[Crossref] [PubMed]
  24. Y. Watanabe, Y. Takasugi, K. Yamada, and M. Sato, “Axial-lateral parallel time domain OCT with optical zoom lens and high order diffracted lights for variable imaging range,” Opt. Express 15, 5208–5217 (2007), http://www.opticsinfobase.org/abstract.cfm?URI=oe-15-8-5208
    [Crossref] [PubMed]
  25. Y. Chen, S.-W. Huang, A. D. Aguirre, and J. G. Fujimoto, “High-resolution line-scanning optical coherence microscopy,” Opt. Lett.,  32, 1971–1973 (2007).
    [Crossref] [PubMed]
  26. T. Ikeda, G. Popescu, R. R. Dasari, and M. S. Feld, “Hilbert phase microscopy for investigating fast dynamics in transparent systems,” Opt. Lett.,  30, 1165–1167 (2005).
    [Crossref] [PubMed]

2007 (3)

2006 (6)

Y. Yasuno, T. Endo, S. Makita, G. Aoki, M. Itoh, and T. Yatagai, “Three-dimensional line-field Fourier domain optical coherence tomography for in vivo dermatological investigation,” J. Biomed. Opt. 11, 014014–014020 (2006).
[Crossref] [PubMed]

Y. Watanabe, K. Yamada, and M. Sato, “In vivo nonmechanical scanning grating-generated optical coherence tomography using an InGaAs digital camera,” Opt. Commun. 261, 376–380 (2006).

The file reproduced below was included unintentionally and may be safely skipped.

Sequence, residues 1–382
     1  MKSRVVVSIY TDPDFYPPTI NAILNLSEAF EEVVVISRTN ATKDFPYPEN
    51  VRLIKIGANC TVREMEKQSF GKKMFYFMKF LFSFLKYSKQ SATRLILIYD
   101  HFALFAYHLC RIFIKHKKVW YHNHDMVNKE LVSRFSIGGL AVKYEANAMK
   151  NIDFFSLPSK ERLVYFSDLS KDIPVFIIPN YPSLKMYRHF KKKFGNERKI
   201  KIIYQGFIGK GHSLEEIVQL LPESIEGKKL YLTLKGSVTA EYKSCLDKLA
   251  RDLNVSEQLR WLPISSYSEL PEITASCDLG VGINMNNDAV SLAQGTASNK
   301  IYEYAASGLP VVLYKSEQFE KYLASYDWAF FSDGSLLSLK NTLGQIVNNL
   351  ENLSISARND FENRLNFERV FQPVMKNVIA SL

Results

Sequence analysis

[Crossref]

Y. Watanabe, K. Yamada, and M. Sato, “Three-dimensional imaging by ultrahigh-speed axial-lateral parallel time domain optical coherence tomography,” Opt. Express 14, 5201–5209 (2006), http://www.opticsinfobase.org/abstract.cfm?URI=oe-14-12-5201
[Crossref] [PubMed]

B. Považay, A. Unterhuber, B. Hermann, H. Sattmann, H. Arthaber, and W. Drexler, “Full-field time-encoded frequency-domain optical coherence tomography,” Opt. Express 14, 7661–7669 (2006), http://www.opticsinfobase.org/abstract.cfm?URI=oe-14-17-7661
[Crossref] [PubMed]

A. Dubois, G. Moneron, and C. Boccara, “Thermal-light full-field optical coherence tomography in the 1.2 µm wavelength region,” Opt. Commun.,  266, 738–743 (2006).
[Crossref]

W. Y. Oh, B. E. Bouma, N. Iftimia, S. H. Yun, R. Yelin, and G. J. Tearney, “Ultrahigh-resolution full-field optical coherence microscopy using InGaAs camera,” Opt. Express 14, 726–735 (2006), http://www.opticsinfobase.org/abstract.cfm?URI=oe-14-2-726
[Crossref] [PubMed]

2005 (4)

2004 (1)

2003 (3)

2002 (1)

1999 (1)

1998 (4)

1995 (1)

A. F. Fercher, C. K. Hitzenberger, G. Kamp, and S. Y. El-Zaiat, “Measurement of intraocular distances by backscattering spectral interferometry,” Opt. Commun. 117, 43–48 (1995).
[Crossref]

1991 (1)